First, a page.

Mould on the walls, overcrowding, vermin, no working heating. In London you can pay as much as £700 or £800 a month for the privilege of renting a room like this. This is Britain’s broken housing system.
I’ve experienced it first hand. In 2016, during research for my book Hired, I lived in a poky bedsit close to London Bridge. The rent seemed cheap by local standards (£80 per week) – until I realised what I was getting. For this sum me and my flatmates were crammed six to a room, with only flimsy cardboard partitions separating each bed from that of its neighbour. Each morning we would wake up amid a chorus of coughing and spluttering, our breath visible in the gloom.Rental properties like this are ubiquitous in the Capital.
It is with this in mind that the Mayor of London Sadiq Khan recently proposed capping rents should he win the next mayoral contest in 2020. “The housing crisis is now having such an effect on a generation of Londoners that the arguments in favour of rent stabilisation and control are becoming overwhelming,” Khan wrote in a letter to Labour MP Karen Buck in December. Labour leader Jeremy Corbyn has also pledged to introduce nationwide rent controls should his party get into government.
The housing crisis can, of course, be blamed on the failure of successive governments to build new homes. Britain has around 560 houses per 1,000 people, while most continental European countries have over 600. In fact, it was reported last year that there are more than 423,000 new homes in Britain that have been granted planning permission but are yet to be built because developers are sitting on land.
As such, the number of people living in the rented sector in Britain has risen precipitously in recent years. By 2021 it is estimated that a quarter of us will be living in privately rented accommodation. This applies particularly to young people: as things stand, up to a third of millennials – those born between 1980 and 1996 – face renting their entire life.
And the sheer proportion of income going on rent puts many at risk of homelessness were they to lose their job. On average, Londoners spend more than 40% of their earnings on rent – in Camden its a whopping 61%.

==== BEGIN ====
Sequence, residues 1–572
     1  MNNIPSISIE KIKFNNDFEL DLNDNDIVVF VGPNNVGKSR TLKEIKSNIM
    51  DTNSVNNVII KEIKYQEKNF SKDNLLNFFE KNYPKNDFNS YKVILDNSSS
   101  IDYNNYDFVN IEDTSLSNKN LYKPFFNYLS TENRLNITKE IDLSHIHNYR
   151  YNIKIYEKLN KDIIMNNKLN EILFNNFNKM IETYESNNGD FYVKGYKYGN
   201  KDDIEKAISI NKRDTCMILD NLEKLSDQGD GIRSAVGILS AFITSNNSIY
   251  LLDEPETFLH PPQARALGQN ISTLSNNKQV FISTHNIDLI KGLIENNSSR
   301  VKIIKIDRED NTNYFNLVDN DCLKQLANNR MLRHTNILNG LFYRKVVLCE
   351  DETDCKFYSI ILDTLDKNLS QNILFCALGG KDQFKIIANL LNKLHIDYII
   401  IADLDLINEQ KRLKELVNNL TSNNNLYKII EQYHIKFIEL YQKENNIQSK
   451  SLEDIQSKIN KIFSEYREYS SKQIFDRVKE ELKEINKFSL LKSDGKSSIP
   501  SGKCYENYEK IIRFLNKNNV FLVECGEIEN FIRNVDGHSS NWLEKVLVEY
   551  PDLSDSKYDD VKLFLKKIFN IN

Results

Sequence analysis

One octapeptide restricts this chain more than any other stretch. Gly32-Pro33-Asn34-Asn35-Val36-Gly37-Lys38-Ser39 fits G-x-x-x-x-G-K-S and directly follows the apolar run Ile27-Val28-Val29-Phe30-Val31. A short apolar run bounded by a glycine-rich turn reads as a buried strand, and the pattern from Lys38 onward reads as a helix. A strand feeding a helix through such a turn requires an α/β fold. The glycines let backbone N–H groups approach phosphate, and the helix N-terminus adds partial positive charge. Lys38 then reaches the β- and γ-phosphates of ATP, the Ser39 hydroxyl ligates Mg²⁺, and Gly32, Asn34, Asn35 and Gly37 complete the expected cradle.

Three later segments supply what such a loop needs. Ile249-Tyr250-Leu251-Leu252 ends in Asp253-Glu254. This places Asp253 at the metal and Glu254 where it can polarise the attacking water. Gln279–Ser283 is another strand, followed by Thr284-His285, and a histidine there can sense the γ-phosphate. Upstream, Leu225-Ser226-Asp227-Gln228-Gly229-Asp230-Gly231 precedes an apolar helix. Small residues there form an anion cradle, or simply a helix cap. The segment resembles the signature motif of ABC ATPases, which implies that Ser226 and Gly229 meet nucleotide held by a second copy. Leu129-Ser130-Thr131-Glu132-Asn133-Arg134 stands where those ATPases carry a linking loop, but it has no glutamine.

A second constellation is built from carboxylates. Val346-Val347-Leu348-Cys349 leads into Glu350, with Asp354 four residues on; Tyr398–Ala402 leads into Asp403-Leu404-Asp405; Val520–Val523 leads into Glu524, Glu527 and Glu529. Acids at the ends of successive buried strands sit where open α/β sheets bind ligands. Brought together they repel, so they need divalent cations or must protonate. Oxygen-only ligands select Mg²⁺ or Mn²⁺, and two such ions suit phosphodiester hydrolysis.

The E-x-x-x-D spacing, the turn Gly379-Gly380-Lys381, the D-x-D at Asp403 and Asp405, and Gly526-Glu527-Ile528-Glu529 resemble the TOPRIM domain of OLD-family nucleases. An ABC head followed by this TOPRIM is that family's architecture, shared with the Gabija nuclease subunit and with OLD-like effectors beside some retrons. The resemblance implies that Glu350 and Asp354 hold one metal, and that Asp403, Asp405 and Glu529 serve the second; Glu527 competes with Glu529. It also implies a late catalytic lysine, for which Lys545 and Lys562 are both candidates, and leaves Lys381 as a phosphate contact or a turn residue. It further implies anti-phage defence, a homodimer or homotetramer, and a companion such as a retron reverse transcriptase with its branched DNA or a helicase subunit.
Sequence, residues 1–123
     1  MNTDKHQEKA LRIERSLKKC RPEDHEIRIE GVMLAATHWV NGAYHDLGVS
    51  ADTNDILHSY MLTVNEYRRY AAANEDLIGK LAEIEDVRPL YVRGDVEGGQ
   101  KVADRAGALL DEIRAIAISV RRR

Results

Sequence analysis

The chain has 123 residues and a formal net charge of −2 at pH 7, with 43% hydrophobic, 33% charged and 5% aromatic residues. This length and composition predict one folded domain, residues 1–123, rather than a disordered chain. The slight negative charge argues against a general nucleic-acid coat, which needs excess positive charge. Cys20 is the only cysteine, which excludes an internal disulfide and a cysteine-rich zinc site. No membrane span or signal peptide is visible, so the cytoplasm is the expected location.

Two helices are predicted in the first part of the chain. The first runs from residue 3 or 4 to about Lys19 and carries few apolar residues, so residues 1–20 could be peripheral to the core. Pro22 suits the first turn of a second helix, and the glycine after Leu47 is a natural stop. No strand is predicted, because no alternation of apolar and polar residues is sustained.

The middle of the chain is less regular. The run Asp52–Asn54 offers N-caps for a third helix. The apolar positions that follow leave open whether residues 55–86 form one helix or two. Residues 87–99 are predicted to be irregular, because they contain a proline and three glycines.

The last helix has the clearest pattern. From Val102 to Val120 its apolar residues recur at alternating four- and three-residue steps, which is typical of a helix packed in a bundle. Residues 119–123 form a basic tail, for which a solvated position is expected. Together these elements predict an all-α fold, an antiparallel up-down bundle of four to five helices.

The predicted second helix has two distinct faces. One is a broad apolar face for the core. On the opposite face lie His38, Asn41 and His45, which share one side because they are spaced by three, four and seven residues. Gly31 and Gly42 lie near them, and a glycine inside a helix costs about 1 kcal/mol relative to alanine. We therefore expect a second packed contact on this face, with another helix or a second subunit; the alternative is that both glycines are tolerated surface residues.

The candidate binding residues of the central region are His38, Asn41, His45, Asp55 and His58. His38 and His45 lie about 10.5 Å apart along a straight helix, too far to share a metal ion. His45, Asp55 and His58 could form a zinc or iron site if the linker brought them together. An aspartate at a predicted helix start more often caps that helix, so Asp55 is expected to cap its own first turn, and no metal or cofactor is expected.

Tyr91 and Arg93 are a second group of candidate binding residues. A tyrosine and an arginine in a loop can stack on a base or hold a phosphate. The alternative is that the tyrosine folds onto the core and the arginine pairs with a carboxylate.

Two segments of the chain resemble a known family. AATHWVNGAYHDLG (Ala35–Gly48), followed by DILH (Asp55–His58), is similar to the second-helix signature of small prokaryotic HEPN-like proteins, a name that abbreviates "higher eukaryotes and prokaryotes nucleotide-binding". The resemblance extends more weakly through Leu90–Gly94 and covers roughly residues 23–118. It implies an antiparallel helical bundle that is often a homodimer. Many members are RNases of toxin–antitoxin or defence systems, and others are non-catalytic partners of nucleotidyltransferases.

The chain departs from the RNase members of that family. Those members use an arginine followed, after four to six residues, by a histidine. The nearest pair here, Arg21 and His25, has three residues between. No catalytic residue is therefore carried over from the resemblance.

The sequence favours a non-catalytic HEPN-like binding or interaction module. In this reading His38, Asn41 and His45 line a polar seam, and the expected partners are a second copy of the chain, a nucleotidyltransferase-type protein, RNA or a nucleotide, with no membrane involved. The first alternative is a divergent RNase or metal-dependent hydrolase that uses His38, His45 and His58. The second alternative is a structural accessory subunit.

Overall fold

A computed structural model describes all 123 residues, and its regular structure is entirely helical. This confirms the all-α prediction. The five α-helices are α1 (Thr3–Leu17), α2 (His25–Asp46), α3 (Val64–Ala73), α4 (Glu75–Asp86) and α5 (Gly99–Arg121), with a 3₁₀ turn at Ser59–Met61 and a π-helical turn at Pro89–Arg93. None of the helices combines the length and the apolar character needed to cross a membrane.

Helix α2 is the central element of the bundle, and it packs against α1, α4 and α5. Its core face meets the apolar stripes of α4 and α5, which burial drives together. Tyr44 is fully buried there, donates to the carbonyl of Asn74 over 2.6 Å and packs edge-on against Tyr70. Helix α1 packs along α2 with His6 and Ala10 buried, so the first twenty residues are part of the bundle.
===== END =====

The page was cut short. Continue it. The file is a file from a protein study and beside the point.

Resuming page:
Against this backdrop, it is not difficult to see the appeal of rent controls. Such a policy could be implemented in a variety of ways, but the aim of any cap is to prevent landlords from increasing rents based on market prices.
Rents could be temporarily frozen, capped at market rates or lower, or the amount landlords are permitted to increase rent by could be restricted. Neither Jeremy Corbyn nor Sadiq Khan have been clear as to which option they would prefer.
Unsurprisingly, rent controls are popular among many of those currently renting in the private sector. According to a 2015 Survation poll, fewer than 10% of people in Britain are against some kind of mandatory legal limit being set on rents, while 59% are somewhat or strongly in favour of rental caps.
When I was writing my book, my flatmates lived in grim and unpleasant conditions because they simply couldn’t afford the market rate for more comfortable dwellings in the parts of town they needed to live in for work (had they lived further out they would likely have spent a similar amount commuting back in). George, a 33-year-old Romanian plasterer and former flatmate of mine who I met up with again last month, summed up the attitude of many in the private rented sector: landlords, he told me, were “filling their pockets while your wages disappear”.
But while rent controls sound like a neat policy solution, do they actually work? Or might they instead have unintended and negative consequences?